Greek comic artist Isko Deranged remembers himself drawing since the first day he grabbed a pencil. From that historic day he never stopped expressing himself though sketches and comic stories shaping gradually his own style. Isko talked to Graphic Art News about himself and his work.
1. Hello Yannis. Please, introduce yourself to our readers and also tell us why have you named yourself as “Isko Deranged”?
Hi, my name is Yiannis. I was born in 1978 in Athens and I grew up in Piraeus. I am a Mechanical Engineer by trade and since 2010 I live in Exarchia, Athens. I would like to think of myself as an illustrator, comic artist, animator and probably other stuff too…
As for why I named myself “Isko Deranged”, well… I didn’t really. My actual pseudonym is ISKO, which is a combination of my first name and my surname. The “Deranged” part is an addition I had to make in order to differentiate myself on the internet from a number of companies and people named also ISKO. So, I was looking for an adjective to accompany Isko and deranged seemed kind of appropriate. I guess some of my creations are a bit deranged after all.
2. How did you get started as a comic artist and why?
I believe it all started when I was quite young. I always remember myself having comic books around (Asterix, Lucky luck, Iznogood, Mafalda, etc) and being fascinated both by the stories and the pictures. One of the first clear memories I have, at the age of probably around 3 or 4, is of sketching doodles on the pages of an issue of ” Asterix”. Since then, sketching is a fundamental part of myself and comics the obvious medium to manifest my creativity. Of course, the first attempt to make a proper comic came years later, probably around the age of 20, while studying and living in Patras. The reason being, then as always, the fun of it.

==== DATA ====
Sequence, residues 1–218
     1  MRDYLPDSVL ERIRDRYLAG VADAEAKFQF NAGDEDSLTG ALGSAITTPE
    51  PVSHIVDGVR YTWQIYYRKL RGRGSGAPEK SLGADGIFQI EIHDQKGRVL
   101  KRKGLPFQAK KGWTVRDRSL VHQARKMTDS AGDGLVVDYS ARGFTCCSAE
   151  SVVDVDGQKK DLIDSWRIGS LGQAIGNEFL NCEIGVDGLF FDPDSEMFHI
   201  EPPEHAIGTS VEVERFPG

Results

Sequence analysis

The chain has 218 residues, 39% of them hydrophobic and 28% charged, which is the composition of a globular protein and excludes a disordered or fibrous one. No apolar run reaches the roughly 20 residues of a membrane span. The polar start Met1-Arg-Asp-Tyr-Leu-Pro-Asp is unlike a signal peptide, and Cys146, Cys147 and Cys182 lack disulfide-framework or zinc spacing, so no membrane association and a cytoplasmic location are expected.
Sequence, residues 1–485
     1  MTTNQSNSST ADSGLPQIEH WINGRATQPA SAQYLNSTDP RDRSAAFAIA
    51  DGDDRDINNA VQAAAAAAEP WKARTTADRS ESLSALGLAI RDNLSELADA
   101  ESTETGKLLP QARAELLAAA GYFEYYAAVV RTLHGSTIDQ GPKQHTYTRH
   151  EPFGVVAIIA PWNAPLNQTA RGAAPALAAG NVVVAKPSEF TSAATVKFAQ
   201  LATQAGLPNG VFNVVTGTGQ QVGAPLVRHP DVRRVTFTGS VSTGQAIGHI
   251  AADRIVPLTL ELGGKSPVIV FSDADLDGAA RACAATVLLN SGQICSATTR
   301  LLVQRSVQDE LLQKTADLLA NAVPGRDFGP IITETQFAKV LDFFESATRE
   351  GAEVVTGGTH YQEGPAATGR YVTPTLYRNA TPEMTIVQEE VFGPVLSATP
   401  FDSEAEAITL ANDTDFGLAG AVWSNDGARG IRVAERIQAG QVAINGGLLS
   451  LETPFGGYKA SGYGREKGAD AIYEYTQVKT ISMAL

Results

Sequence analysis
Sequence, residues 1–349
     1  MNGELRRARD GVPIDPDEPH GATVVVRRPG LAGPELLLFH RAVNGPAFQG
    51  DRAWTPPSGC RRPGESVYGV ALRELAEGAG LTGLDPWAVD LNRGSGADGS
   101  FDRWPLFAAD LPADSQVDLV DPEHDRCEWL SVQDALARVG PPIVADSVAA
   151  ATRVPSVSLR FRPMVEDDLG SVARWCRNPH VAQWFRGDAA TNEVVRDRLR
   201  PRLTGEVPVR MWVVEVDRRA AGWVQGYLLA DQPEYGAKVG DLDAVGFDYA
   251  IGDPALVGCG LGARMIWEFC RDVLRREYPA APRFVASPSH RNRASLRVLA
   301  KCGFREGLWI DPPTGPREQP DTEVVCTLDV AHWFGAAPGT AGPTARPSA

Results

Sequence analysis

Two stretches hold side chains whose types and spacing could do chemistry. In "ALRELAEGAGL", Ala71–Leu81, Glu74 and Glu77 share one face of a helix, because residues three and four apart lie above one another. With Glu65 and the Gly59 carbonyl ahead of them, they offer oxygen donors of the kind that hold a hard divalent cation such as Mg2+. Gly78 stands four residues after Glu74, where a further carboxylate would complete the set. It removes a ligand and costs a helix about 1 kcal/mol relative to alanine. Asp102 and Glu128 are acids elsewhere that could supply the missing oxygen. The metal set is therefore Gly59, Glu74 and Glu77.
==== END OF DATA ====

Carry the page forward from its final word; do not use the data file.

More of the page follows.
3. Did you draw your own comics as a kid?
I think I made a couple of primitive comics as a kid. I remember one about a bank and a bomb and another one being a wild west kind of story, but nothing more. I remember drawing all the time though, and sometimes making a story to accompany the sketch. So I guess I was making some kind of private pseudo comic.
4. Do you remember what your first piece of artwork was?
No, I don’t really. If by the term artwork you mean something that satisfied me as an artist and also found wide acceptance, then we should go back to the first line I drew, probably around the age of 1 (since my mother was always, and still is, very supportive, I always thought of myself as a very successful artist as a child).
5. You live in Greece but with the internet you can expand your work abroad. Would that be of interest to you and why?
Of course it would be of interest and the reasons are quite obvious. I live and create here, in Athens, but as it happens for the most of our generation, I feel part of a wider, global society. A very significant part of my cultural background is a global one and a lot of my references are too. I address to anybody that will appreciate what I do, so a greater audience is always something to look for.
Moreover, in economic terms, trying to make any profit in Greece is very hard. But even if it was not, turning to a global market is the logical thing to do.
6. What do you believe for the comic art in Greece?